My youngest son is in second grade. There are a lot of things we could talk about, but the subject most often on his mind is the game Minecraft—what he’s building, what he has explored, and how he’s gone about doing it. His older brothers are into Minecraft as well and have been at it longer. My oldest son even did the world a favor by building a Minecraft Fenway Park.
Google the words “Minecraft in Education” and be prepared. From articles describing how teachers are using Minecraft in the classroom to the homepage of a small startup that looks like it wants to be your go-to source for Minecraft-enhanced curriculum, you’ll need plenty of time to wade through the results. Typing the word “Minecraft” into a search at a popular online marketplace for teachers yields 26 results. These include gameboards, spelling activities, and geometry lessons.
The popularity and education angle often noted in regard to Minecraft certainly supports the advocates of game-based learning, but what does it do for you? I can see where it might be a distraction, since there are some days when 99.98 percent of conversations between my youngest son and me revolve around Minecraft. On the other hand, this is no ordinary contemporary video game, lacking the blood, headshots, motion-intensive graphics, and contrived storylines that permeate so much of what is out there. It can work in the classroom.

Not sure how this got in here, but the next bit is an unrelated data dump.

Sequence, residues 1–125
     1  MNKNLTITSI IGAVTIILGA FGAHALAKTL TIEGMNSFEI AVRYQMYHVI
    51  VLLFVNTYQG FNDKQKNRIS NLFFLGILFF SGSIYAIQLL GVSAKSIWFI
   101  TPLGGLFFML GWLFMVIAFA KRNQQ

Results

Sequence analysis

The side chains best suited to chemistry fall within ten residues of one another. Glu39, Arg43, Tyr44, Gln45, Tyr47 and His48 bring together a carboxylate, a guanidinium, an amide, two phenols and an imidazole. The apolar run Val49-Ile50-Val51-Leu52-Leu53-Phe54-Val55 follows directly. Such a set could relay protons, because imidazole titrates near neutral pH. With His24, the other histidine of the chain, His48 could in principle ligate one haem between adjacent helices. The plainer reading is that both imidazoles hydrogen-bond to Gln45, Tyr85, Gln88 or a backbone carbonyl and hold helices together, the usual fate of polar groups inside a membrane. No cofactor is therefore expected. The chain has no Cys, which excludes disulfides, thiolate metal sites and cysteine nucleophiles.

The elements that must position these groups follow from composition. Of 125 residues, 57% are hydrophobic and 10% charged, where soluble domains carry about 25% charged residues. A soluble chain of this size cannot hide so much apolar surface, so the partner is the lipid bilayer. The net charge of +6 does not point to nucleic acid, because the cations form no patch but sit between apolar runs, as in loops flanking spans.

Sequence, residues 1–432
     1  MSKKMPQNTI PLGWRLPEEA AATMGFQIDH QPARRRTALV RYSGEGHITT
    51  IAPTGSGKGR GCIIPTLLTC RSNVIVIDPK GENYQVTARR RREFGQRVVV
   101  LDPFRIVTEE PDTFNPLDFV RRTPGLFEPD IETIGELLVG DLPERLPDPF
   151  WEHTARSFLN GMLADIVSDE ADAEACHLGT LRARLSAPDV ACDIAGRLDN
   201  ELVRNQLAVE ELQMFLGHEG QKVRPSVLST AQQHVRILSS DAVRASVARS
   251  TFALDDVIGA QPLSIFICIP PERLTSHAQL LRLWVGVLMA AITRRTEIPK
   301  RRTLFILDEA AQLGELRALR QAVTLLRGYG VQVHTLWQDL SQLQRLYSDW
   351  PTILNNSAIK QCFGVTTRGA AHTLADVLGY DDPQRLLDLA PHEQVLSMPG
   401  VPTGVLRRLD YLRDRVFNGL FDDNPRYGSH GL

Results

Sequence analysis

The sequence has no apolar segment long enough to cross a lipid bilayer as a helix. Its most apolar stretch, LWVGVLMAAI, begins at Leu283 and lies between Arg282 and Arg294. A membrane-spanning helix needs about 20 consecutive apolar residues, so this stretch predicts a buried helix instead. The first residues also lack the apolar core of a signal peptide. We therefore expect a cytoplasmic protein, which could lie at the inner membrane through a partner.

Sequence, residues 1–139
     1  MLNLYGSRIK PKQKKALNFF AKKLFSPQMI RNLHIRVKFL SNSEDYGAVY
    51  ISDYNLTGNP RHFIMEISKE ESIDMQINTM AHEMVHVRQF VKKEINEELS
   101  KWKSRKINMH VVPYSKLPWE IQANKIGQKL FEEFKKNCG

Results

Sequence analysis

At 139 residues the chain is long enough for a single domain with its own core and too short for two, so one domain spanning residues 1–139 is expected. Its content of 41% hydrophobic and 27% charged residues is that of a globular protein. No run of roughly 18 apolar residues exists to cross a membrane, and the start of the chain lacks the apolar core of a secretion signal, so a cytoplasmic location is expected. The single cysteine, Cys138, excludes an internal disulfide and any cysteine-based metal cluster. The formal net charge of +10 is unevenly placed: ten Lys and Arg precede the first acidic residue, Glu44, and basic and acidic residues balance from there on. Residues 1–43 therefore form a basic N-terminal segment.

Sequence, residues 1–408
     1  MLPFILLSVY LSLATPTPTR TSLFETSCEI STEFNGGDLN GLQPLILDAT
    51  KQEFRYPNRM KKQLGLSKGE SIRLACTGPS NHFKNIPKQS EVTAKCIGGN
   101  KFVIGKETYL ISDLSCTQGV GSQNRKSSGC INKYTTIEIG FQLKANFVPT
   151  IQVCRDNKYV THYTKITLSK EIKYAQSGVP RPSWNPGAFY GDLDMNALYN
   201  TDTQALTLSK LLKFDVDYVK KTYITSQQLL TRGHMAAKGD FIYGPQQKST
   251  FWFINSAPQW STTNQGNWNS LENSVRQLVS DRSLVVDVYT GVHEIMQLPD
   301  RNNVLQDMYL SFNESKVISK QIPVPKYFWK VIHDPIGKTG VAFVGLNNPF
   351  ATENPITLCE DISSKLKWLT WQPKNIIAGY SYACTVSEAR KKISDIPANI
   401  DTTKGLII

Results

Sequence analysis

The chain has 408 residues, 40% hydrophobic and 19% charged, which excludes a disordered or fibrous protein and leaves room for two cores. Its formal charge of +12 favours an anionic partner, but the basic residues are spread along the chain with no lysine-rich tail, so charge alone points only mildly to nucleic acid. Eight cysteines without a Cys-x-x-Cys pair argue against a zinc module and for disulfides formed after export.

So what do you think? Minecraft: good or bad for the classroom, and why?